The Flat Hitter - No Time to set up for your shots - why god why?

Discussion in 'Tennis Tips/Instruction' started by caugas, Apr 10, 2014.

  1. caugas

    caugas Semi-Pro

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    So, I'm a strong 4.0 top spin player, who at time can hit at a 4.5 level when I hit up with the right person.

    What goes up must go down, I hit a good friend of mine recently. His skill level is most likely a 3.0, but hit with him cause he kept asking me to hit.

    Every ball he hits is flat - NO SPIN. Many fall just over the service line :? I have no time to set up and sit back on my shots. :cry:

    What was the results, tragic - cleary my play skill style drops like a sack of bricks in the ocean.. I looked like a 3.5 at best

    Anyone else experience this when they play down or am I just not skilled enough dictate, full disclosure I'm a baseline player who likes to grind opponents and force an error - not come up to the net and hit winners rarely.
     
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  2. TeamOB

    TeamOB Professional

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    On the Kyrgios/Thiem/Zverev bandwagon!
    I know the feeling. Flat hitters who hit hard are my least favorite opponents. Try taking a few steps back to give yourself more time.
     
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  3. Ballinbob

    Ballinbob Hall of Fame

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    I'm also a strong 4.0. What I learned to do with those players is to stand on top of the baseline and look for those short shots. If you see it coming and set up early you can really lap those balls up and approach. Also work on your approach shots... You'll need them. I know you say you don't like coming in but it really helps, especially against these kinds of players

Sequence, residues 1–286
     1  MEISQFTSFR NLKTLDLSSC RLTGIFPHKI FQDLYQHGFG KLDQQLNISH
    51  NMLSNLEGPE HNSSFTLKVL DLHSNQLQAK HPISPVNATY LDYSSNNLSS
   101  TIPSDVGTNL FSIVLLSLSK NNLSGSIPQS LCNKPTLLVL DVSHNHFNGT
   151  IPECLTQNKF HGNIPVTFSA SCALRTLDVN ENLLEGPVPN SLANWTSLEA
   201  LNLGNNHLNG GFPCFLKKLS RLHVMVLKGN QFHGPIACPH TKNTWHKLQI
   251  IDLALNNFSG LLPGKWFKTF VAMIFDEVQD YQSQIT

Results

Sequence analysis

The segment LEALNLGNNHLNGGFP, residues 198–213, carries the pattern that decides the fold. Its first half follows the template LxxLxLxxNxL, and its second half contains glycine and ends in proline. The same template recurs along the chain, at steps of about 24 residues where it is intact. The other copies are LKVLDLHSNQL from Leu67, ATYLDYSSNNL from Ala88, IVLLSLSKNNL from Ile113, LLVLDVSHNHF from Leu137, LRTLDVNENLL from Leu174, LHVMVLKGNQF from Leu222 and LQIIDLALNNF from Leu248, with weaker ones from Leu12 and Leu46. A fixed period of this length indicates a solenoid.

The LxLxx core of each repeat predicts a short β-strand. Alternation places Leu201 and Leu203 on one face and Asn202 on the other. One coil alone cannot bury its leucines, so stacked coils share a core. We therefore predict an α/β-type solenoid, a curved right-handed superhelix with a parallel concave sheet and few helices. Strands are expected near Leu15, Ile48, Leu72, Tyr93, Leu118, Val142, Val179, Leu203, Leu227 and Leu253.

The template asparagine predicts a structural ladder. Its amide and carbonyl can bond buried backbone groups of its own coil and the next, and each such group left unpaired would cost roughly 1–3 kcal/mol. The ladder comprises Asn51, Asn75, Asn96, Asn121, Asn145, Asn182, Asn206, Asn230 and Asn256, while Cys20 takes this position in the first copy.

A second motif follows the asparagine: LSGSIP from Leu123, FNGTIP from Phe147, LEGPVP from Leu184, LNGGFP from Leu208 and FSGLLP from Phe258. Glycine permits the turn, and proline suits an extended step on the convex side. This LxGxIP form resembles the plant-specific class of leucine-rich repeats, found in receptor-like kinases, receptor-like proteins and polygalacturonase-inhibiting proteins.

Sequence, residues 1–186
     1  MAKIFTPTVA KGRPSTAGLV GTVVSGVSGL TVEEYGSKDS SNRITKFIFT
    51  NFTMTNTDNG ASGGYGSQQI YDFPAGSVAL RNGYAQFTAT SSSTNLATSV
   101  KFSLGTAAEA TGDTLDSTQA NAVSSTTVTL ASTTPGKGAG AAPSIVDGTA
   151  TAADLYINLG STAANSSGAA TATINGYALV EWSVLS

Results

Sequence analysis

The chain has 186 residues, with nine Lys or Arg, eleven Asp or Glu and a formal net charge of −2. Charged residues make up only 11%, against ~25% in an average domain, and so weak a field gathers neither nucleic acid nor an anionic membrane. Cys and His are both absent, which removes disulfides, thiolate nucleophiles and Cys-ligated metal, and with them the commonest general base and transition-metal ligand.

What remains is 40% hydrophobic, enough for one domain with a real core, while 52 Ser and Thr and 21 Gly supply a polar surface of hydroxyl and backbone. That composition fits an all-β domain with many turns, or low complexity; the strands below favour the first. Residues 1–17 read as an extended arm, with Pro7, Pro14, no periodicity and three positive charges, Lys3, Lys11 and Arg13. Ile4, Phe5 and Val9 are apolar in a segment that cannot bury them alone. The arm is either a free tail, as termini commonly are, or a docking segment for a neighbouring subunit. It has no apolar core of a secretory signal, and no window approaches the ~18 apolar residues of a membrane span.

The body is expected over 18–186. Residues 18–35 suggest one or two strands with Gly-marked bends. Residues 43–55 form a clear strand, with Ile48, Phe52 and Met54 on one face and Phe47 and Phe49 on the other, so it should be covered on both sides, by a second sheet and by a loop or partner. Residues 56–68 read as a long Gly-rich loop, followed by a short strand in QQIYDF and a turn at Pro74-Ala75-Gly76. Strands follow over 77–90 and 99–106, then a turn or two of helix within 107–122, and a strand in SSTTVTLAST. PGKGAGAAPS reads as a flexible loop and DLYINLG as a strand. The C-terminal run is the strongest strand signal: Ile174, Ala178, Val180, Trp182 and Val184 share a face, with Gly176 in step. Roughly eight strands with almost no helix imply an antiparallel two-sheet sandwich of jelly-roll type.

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  4. mightyrick

    mightyrick Hall of Fame

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    First, there really isn't a rating for "skill level". In USTA, you either beat people or you dont. Based on that, the NTRP computer calculates your rating.

    If you don't play USTA and are using self-rating guidelines, then you are probably overestimating your competitive level by 0.5 to 1.0 NTRP points. So that brings a tough reality that you might have to accept:

    You aren't as good as you think you are.

    Hitting with a good hitter can make everyone look good. Their mechanics and shots are consistent. The pace and spin of their ball is consistent. It is easy to get into a rhythm with those kinds of a player. Yes, it can feel like you are a high-level player while hitting with these people.

    However...

    If a guy who is hitting flat, non-heavy, no-spin shots that don't reach the baseline is giving you trouble... then you are probably not above his level. A true computer-rated NTRP 4.0 would double bagel a computer-rated NTRP 3.0 inside of 35-40 minutes.

    I would recommend continuing to hit with this person. They hit the kind of shots that will demand that you develop footwork, anticipation, shot preparation, and control. Otherwise, they will beat you every time.

    Good luck.
     
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  5. dman72

    dman72 Hall of Fame

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    His shots can't have much pace if they are completely flat, hit with no trajectory, and land just past the service line. You should be standing inside the baseline against him.
     
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  6. GuyClinch

    GuyClinch Hall of Fame

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    OP.

    NTRP ..this word does not mean what you think it means. It's not style points for your technique - it just means that against other computer ranked opponents you will almost always beat certain ones. That's it.

    FWIW most "4.0" players have little problems with 'flat' hitters who hit everything to the service line. <g>
     
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  7. caugas

    caugas Semi-Pro

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    You have no idea what you are talking about. I hit on the reg with D2 and D3 college players in new England and beat on the reg 4.0 club players...